DVD: Lusomundo (Portugal). Language: Portuguese with English Subtitles. Ratio: 16:9. Length: 101.00. Region: 2.

Having played successfully at countless festivals – it was nominated for Discovery of the Year at the European Film awards, won the Prix Regards Jeune award at Cannes and stands as Portugal’s Oscar submission – Alice is released on DVD within months of teenager Natascha Kampusch’s escape from her captor of eight years. Such unusual timing lends a disconcerting counterpoint to Marco Martins’ début feature, which documents a father’s meticulous and compulsive search for his missing daughter.

Like Lodge Kerrigan’s similarly eponymous Keane (2004), Alice isn’t about the circumstances of the abduction, which remain unseen throughout, or arguably even the search itself, but is more affectingly focused of the nature of grief itself. Unlike in Kerrigan’s film, however, there is no question of Alice’s existence. Her life informs everything on screen. The coat she wore on the day she disappeared seems to have stained the cinematography a monochrome blue, and almost every line of dialogue is spoken with her in mind.

Alice is a film about absence”, explains Martins. This is evident from the first probing pans that chart the contours of Alice’s sleeping parents. Heavy repetitive breathing dominates the soundtrack – their grief has forced them into wordless resignation. In addition to their daughter, they have, for all intents and purposes, also lost themselves.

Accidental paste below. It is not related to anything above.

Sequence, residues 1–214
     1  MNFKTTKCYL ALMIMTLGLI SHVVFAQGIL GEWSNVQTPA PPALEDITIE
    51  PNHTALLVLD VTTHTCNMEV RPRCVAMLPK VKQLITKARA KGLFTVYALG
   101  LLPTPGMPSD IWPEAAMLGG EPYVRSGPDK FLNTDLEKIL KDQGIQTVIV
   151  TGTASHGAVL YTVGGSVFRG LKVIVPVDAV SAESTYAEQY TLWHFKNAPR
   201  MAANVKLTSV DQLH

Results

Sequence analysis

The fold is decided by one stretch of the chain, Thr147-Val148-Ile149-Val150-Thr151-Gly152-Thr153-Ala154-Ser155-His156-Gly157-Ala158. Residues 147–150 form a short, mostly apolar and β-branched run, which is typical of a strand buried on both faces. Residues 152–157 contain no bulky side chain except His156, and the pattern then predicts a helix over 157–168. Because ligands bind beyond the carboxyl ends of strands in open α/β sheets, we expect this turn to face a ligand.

Alice’s mother Luisa (Beatriz Batarda) is medicated, almost bed-ridden and emotionally numb. A torrent of emotion, glimpsed in flashback, has been reduced to a solitary tear shed to commemorate her missing daughter’s fourth birthday. Mário, played with impressive subtlety by Nuno Lopes, obsessively retraces the steps he took on the day he lost his daughter: buying an origami dog on the way to school and later delivering the dry-cleaning. Martins emphasises the divergent paths they have taken during an extremely uncomfortable dinner scene. Mário and Luisa rarely share the frame and are instead captured in individual close-ups, emphasising physical proximity while revealing their emotional isolation.

Additionally, Mário routinely distributes missing posters and maintains an elaborate network of high-angle DV surveillance cameras. Some stand weather-beaten on borrowed balconies, while others peer unperturbed through second-story windows. The tapes reveal a city in transit, recorded by a father in stasis.

To this end, the mise en scène frequently places Mário in opposition to movement, be he traversing a bustling crowd or sitting motionless in front of a wall of sped-up security footage. Perhaps intentionally, Martins’ depiction of Lisboa occasionally recalls Koyaanisqatsi (Godfrey Reggio, 1982). That film revealed a world teetering on the brink of collapse. Alice, on the other hand, tells simply of a father blinded by the same inevitability. Never does Mário question the futility of his search: Can Lisboa be successfully monitored by a single man? Will Alice look the same as when she disappeared? At one point, a friend even remarks: “You and your videos … it doesn’t make any sense.”